Mark D. Roberts


How Lent Can Make a Difference in Your Relationship with God

Copyright © 2011 Mark D. Roberts and Beliefnet

Click here for an updated and reformatted version of this series.

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Introduction to Lent

Growing up as an evangelical Christian, I experienced Lent
as little more than a joke. “What are you giving up for Lent?” my
friends would ask. “Homework,” I’d say with a smirk, or “Obeying my
parents.” Lent was one of those peculiar practices demanded of Roman
Catholics – another great reason to be Protestant, I figured. It never
even occurred to me that Lent was something I might actually be
interested in, or benefit from, or decide to keep, or come to value as a
way of getting to know God better.

In the last fifteen years I’ve discovered that Lent is in
fact recognized by millions of Protestant Christians, in addition to
Catholic and Orthodox believers. (The Eastern Orthodox Lent
is longer than the Catholic or Protestant Lent, and it begins before
Ash Wednesday.) Lent (the word comes from the Middle English word for
“spring”) is a six-week season in the Christian year prior to Easter.
(Technically, Lent comprises the 40 days before Easter, not counting the
Sundays, or 46 days in total.)


In the ancient church, Lent was a time for new converts to
be instructed for baptism and for believers caught in sin to focus on
repentance. In time, all Christians came to see Lent as a season to be
reminded of their need for penitence and to prepare spiritually for the
celebration of Easter. Part of this preparation involved the Lenten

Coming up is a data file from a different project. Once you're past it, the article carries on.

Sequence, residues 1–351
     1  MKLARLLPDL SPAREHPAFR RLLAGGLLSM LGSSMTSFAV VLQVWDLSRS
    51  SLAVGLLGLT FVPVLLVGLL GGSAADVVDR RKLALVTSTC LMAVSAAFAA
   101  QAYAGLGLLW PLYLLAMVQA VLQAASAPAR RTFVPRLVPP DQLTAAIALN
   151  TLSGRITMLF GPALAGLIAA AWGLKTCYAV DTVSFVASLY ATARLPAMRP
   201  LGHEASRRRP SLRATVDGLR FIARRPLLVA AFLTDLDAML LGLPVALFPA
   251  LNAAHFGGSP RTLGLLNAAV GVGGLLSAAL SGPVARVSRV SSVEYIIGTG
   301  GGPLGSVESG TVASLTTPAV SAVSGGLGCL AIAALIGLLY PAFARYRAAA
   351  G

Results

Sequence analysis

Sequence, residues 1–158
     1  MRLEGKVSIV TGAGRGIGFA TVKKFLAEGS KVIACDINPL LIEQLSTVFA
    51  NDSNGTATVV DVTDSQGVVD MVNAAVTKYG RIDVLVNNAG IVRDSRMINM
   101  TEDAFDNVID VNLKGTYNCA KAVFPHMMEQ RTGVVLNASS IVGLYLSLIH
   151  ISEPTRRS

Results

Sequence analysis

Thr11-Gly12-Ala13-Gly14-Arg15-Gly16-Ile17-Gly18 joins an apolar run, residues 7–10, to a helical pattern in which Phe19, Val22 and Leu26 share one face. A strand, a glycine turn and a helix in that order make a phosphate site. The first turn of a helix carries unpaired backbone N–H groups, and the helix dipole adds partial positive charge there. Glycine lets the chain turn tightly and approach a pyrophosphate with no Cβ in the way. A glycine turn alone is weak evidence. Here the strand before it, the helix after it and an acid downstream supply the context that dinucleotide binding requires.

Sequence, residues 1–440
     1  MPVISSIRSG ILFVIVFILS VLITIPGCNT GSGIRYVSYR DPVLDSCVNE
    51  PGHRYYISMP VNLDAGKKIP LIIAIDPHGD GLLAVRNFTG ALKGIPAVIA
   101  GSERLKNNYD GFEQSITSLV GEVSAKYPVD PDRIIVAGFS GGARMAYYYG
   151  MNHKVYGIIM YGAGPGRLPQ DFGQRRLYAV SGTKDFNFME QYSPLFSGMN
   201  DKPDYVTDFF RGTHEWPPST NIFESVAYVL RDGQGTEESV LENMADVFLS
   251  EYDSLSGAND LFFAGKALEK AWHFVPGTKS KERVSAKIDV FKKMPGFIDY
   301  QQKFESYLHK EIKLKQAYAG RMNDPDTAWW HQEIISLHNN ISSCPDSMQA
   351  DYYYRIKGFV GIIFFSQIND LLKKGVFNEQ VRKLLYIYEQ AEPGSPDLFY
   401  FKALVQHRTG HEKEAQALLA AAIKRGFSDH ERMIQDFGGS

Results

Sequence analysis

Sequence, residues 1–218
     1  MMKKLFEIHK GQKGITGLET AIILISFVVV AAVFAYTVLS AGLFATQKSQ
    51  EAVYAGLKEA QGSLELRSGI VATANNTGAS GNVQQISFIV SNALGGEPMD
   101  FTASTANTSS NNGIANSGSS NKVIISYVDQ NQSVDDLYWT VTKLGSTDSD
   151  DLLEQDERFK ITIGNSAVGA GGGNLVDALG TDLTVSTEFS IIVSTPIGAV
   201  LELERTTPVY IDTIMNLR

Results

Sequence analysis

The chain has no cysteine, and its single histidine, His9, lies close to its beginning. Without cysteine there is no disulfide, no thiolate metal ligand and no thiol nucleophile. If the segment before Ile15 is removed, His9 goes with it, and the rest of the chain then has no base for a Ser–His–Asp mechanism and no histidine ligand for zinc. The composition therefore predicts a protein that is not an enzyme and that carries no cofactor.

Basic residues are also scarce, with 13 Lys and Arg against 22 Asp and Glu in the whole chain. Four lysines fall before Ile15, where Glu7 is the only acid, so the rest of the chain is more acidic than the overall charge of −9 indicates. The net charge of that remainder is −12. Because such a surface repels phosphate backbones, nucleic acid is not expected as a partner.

“fast,” giving up something special during the six weeks of Lent (but
not on Sundays, in some traditions.)

Historically, many Protestants rejected the practice of
Lent, pointing out, truly, that it was nowhere required in Scripture.
Some of these Protestants were also the ones who refused to celebrate
Christmas, by the way. They wanted to avoid some of the excessive
aspects of Catholic penitence that tended to obscure the gospel of
grace. These Protestants saw Lent, at best, as something completely
optional for believers, and, at worst, as a superfluous Catholic
practice that true believers should avoid altogether.

A Pastoral Word: Let me note, at this point,
that if you think of Lent as a season to earn God’s favor by your good
intentions or good works, then you’ve got a theological problem. God’s
grace has been fully given to us in Christ. We can’t earn it by doing
extra things or by giving up certain other things in fasting. If you see
Lent as a time to make yourself more worthy for celebrating Good Friday
and Easter, then perhaps you shouldn’t keep the season until you’ve
grown in your understanding of grace. If, on the contrary, you see Lent
as a time to grow more deeply in God’s grace, then you’re approaching
Lent from a proper perspective.

Some segments of Protestantism did continue to recognize a
season of preparation for Easter, however. Their emphasis was not so
much on penitence and fasting as on intentional devotion to God.